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GARDENING

Flash! Bulbs Make Summer Days Photo Opportunities

June 15, 1996|From Associated Press

For fun in the garden, try summer bulbs such as elephant's-ear, pineapple plant, lilies-of-the-Nile, caladium, canna and calla lily.

"They're so easy, and the results are outrageous," says Frans Roozen, who represents the International Flower Bulb Center in Hillegom, Holland. "Just bury them in soil, most only 1-inch deep, then water and . . . stand back! Some of these are small; some are enormous. None are boring in the garden."

He says the calla lily comes as close to perfection as one flower can, with a texture so smooth and velvety that one suspects it is unreal.

"Officially known as Zantedeschia, the calla has sheath-like flowers in pink, yellow or white or one of the newer shades of bronze, gold or deep rose. Plant callas in full sun, sheltered from the wind," he says.

He likes elephant's-ear (Colocasia esculenta) for its green, gargantuan leaves and overall height of 5 feet: "They do best in partial or full shade and must be kept moist in hot weather," Roozen says.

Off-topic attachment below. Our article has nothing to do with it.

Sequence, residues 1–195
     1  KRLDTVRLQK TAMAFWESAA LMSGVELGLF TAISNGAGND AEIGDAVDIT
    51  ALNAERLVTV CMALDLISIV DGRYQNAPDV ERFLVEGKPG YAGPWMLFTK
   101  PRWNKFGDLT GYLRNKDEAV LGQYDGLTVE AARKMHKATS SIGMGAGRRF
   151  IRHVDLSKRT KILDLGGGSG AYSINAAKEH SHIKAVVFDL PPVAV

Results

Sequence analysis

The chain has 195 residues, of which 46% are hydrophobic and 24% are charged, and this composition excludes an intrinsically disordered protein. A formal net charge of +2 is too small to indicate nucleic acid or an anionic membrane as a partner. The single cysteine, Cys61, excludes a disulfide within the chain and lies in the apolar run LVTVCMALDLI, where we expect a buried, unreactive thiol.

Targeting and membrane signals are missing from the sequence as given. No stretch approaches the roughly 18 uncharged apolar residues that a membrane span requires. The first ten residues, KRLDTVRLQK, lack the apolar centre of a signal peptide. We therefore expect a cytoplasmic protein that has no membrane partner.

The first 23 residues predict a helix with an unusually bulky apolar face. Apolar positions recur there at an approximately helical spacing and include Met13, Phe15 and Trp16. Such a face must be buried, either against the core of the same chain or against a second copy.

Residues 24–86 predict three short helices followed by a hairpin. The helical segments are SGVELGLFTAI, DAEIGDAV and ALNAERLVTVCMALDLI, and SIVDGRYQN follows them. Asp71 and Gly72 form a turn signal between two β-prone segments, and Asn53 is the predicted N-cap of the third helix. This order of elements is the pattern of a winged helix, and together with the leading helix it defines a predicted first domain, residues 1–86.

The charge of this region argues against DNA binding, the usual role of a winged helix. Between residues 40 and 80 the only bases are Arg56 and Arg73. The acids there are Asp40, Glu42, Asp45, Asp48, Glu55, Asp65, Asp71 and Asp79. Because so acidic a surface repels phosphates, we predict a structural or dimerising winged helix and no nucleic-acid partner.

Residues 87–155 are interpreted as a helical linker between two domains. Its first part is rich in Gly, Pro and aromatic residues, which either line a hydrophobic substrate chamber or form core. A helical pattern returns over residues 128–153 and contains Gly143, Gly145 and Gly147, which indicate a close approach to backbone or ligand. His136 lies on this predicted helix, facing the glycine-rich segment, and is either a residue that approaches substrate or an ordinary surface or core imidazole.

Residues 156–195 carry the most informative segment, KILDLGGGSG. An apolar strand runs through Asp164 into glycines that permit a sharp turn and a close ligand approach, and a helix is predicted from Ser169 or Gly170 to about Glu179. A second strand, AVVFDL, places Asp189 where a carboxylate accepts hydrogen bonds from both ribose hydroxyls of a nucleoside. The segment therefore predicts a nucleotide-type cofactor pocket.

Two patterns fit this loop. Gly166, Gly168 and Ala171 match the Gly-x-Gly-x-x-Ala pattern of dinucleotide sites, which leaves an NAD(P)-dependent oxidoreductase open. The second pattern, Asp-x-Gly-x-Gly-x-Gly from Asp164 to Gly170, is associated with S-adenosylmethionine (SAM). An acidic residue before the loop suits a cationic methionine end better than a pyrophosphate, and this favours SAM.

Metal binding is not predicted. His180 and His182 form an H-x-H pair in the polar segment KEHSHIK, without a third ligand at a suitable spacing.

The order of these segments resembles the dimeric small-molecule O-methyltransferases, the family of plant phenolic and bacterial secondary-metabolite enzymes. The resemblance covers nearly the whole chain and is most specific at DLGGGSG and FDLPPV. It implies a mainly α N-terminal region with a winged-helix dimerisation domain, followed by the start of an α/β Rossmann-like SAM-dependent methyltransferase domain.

"For a foliage favorite with a can-do attitude, plant canna in full sun," Roozen says. "Hot weather-loving canna has distinctive foliage of large brown, bronzed, green or variegated leaves and red, orange, pink or yellow flowers that look like wildly plumed tropical birds clinging to air perches. It grows to an impressive 3 to 5 feet, staunch and upright, [and] requires no staking."

He calls lilies the queen of the summer garden.

"Plant different types of lilies to enjoy flowers all season," he says. "Asiatics bloom first, followed by trumpets, then Orientals.

"Full sun is preferred, light shade tolerated. Lilies like their head in the sun, their feet in the shade. Plant among hostas, coral bells or other low-growing leafy plants to provide a lower tier for shade. Grow extras to provide cut flowers."

The lily-of-the-Nile (Agapanthus), Roozen says, looks equally lovely when out of bloom, with glossy strap-like leaves that have their own appeal.

Native to the Nile Valley, agapanthus has brilliant blue flowers in clusters atop 3-foot streams that tower above a whorl of green blade leaves. It's best in a large container, with one to three bulbs per container. In colder areas, protect the container over winter. Expect increased flowering the next year, and give it full sun to partial shade. Peak bloom is midsummer to early fall.

The pineapple lily plant (Eucomis bicolor) looks like a pineapple, with a stiff-leaved tuft atop a 15-inch spire of tiny, greenish-white flowers edged with a fine, lilac-red line and a base of broad, green, strappy leaves.

"For a fun effect," Roozen says, "plant an odd number of bulbs in a large pot or barrel. The flowers bloom in July and August. Place in sun or light shade."

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